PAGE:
Volunteer nurse at Boston Marathon wants suspect caught


"My blood started to boil, really slow," said Katie Powers of Bradenton as she watched the search for suspects in the Boston Marathon bombing Friday.  Her anguish turned to anger as she watched it unfold. "It started to simmer," she said.

Powers returned home to Bradenton on Tuesday after volunteering as a nurse at the Boston Marathon for a fourth year.

She described the moments she put her expertise as a mother-baby nurse of thirty years to use in comforting the wounded and fellow volunteers she saw come into her medical tent stationed at the finish line, a mere thirty feet she estimated from where the first bomb went off. "I grabbed her face and said we'll be okay. We'll be fine. We're going to do what we have to do for the patients that they'll bring to us."

"I just want them caught alive. That's all I want, and for no one else to get hurt," she said.

Powers' anger festered as she learned one suspect, the older of the two brothers, was shot and killed in a police gunfight, but the younger brother was still at large. "I'm with the rest of the country. Let's get them. Let's get this one left. Let's take care of business," she said.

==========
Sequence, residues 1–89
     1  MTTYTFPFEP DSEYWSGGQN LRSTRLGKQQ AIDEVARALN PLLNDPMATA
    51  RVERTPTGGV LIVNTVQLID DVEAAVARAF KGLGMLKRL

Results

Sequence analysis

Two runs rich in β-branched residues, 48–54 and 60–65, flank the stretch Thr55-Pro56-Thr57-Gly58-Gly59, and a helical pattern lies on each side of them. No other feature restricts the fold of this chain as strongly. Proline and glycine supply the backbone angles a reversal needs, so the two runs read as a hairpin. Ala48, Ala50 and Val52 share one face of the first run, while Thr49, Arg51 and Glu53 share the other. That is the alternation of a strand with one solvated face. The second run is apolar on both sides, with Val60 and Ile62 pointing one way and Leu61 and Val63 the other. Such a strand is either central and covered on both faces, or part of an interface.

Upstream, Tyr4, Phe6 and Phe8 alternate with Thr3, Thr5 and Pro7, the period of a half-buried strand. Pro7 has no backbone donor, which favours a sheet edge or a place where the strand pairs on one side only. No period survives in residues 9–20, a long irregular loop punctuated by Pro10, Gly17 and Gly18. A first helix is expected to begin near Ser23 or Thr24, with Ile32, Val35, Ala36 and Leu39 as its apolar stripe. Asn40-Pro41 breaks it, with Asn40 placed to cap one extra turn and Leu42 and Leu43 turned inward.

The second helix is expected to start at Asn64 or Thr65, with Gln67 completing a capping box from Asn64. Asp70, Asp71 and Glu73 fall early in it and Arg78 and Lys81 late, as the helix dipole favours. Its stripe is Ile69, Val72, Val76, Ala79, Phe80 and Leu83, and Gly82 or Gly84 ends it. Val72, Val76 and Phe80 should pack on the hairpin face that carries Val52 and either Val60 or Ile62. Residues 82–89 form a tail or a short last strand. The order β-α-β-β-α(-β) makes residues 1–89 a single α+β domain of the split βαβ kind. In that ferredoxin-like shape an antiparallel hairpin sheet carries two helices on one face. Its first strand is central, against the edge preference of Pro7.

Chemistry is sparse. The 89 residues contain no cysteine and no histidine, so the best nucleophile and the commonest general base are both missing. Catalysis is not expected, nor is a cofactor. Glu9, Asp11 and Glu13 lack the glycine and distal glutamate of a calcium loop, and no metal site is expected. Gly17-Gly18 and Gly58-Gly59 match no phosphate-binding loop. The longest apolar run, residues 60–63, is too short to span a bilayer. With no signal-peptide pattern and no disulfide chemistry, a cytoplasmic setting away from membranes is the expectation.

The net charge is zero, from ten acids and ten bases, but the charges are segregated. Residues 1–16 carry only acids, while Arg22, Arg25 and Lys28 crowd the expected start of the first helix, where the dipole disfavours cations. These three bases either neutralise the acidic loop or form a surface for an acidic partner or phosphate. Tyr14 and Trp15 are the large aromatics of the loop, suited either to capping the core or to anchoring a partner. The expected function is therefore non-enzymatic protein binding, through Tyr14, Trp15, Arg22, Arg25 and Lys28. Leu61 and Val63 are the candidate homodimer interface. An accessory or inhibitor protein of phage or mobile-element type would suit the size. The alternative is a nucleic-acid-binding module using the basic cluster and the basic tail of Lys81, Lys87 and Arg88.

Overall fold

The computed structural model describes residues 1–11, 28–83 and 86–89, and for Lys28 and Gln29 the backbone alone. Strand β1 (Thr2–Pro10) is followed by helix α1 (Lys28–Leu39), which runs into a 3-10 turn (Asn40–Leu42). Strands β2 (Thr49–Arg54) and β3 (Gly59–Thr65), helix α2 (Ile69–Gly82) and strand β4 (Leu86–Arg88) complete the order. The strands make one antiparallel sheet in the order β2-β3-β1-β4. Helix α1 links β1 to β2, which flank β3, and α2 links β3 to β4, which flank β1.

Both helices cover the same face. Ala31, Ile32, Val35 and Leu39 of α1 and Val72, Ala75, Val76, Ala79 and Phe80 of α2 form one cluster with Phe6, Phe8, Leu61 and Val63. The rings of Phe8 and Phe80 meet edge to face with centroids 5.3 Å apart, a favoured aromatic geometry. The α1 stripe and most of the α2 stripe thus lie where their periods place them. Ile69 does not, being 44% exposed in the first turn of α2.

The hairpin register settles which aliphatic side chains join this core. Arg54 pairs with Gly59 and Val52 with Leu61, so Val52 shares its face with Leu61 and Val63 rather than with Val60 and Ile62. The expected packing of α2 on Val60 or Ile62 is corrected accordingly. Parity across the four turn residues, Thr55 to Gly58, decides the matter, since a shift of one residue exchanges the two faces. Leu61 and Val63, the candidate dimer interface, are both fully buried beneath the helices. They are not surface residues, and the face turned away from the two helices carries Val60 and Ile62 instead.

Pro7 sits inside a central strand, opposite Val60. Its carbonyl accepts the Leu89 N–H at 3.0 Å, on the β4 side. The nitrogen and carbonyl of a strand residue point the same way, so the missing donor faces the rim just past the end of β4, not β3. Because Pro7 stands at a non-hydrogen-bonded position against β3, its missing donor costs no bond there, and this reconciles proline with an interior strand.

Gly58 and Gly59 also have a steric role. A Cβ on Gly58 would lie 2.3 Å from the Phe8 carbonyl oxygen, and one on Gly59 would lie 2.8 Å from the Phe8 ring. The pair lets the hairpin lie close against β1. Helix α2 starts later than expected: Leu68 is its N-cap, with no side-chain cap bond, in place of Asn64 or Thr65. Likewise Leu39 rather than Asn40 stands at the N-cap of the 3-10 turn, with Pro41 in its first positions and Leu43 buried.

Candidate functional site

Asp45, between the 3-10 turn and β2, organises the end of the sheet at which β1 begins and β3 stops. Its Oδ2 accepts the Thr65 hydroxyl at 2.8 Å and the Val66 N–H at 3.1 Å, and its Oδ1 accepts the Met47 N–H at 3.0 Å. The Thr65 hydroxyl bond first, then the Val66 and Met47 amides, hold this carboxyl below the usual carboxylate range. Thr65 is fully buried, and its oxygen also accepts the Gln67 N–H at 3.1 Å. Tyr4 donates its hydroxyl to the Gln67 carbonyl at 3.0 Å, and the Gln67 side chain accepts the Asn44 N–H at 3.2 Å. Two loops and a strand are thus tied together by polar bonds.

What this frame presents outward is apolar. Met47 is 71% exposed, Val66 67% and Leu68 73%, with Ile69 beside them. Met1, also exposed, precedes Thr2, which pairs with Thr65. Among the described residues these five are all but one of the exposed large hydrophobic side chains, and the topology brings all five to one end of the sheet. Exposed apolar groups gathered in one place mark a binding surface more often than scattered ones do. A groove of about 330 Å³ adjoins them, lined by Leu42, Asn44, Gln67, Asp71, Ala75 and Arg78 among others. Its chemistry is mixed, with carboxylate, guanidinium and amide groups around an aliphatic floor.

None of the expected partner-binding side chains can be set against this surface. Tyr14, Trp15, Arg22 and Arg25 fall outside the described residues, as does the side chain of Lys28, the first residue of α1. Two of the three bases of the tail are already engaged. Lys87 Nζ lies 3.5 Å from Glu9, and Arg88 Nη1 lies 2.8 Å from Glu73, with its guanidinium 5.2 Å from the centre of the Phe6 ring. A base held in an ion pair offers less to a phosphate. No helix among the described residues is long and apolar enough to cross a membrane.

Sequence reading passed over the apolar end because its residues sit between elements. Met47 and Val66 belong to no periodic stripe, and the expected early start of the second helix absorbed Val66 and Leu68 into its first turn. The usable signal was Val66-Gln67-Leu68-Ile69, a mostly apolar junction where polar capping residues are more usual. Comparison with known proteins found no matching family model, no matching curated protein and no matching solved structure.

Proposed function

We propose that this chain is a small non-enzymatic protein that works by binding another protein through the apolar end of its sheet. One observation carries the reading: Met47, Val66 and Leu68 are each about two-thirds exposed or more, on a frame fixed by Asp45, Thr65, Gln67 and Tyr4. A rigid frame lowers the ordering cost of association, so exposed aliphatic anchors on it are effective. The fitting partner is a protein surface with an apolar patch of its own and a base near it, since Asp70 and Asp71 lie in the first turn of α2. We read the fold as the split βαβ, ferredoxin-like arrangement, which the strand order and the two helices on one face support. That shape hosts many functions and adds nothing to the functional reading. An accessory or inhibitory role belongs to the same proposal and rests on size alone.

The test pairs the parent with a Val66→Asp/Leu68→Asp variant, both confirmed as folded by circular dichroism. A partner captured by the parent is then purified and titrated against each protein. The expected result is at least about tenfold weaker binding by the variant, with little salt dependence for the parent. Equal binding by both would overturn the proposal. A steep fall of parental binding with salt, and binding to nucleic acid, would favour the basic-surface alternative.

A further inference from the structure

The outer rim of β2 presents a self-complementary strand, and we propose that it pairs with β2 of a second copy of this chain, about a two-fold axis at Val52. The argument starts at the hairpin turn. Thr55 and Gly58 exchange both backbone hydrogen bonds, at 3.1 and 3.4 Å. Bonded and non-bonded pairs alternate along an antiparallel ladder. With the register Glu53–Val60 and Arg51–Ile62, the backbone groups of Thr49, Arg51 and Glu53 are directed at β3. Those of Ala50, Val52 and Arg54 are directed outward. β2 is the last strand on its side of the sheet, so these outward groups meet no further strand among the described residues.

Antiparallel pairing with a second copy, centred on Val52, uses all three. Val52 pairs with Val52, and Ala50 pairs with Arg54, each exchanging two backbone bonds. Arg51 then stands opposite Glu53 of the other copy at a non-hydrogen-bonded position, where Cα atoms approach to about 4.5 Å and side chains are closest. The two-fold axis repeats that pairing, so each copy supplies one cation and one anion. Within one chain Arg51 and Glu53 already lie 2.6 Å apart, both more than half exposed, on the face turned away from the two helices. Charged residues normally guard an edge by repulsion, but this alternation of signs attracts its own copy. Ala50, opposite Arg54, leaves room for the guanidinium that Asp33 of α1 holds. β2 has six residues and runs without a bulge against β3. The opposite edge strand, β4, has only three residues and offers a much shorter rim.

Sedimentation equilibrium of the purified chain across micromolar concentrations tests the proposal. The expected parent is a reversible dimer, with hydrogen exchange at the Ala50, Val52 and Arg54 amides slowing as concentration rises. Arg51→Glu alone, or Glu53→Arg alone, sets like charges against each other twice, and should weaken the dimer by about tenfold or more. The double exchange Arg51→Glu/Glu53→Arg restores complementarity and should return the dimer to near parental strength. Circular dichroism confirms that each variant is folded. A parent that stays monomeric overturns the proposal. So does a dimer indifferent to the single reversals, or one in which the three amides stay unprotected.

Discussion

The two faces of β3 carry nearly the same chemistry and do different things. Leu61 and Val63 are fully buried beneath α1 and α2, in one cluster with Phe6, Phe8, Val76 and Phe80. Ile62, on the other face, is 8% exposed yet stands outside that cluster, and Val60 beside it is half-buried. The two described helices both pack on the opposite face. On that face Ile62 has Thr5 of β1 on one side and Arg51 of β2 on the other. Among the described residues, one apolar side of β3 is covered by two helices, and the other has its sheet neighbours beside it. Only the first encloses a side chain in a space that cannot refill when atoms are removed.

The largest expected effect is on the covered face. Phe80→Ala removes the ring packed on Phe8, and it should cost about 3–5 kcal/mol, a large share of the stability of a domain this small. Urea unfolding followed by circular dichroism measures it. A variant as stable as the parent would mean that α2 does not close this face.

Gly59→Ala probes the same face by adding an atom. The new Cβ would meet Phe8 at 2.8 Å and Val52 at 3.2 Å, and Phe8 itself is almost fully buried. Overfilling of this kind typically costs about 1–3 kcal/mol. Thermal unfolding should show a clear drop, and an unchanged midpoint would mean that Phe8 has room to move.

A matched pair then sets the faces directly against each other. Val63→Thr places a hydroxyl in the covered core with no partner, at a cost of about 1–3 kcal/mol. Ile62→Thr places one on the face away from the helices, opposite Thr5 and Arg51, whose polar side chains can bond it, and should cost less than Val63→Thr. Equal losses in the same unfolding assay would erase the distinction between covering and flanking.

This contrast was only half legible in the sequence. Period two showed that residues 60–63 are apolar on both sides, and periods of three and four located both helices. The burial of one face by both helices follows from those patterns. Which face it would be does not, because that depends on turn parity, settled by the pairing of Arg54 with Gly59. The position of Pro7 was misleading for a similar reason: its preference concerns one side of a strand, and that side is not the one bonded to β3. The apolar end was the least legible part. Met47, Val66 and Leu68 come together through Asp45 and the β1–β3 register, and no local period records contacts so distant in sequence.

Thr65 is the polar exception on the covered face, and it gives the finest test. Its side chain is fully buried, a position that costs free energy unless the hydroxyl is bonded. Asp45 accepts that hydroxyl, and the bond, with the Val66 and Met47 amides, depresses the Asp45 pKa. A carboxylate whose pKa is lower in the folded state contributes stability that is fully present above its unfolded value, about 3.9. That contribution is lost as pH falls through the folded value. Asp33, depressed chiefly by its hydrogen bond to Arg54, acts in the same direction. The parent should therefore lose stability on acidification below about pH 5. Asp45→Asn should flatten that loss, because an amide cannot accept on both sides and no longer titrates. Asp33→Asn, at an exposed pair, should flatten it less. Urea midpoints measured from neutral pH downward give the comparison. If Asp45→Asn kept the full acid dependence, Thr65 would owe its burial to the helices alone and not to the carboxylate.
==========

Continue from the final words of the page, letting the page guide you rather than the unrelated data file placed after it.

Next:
Powers' cousin is one of millions in the Boston area placed on lockdown Friday as the manhunt ensured. "She's promised to call when she gets home. She's fine. I'm reassuring her, like she was reassuring me on Monday."

Powers left the couch at her home in Bradenton only once Friday morning to attend Mass. "I had to pray. My prayer was that they'd catch this other younger man alive, because we need to know. We need to know. We need to figure this out and peel back the onion." 

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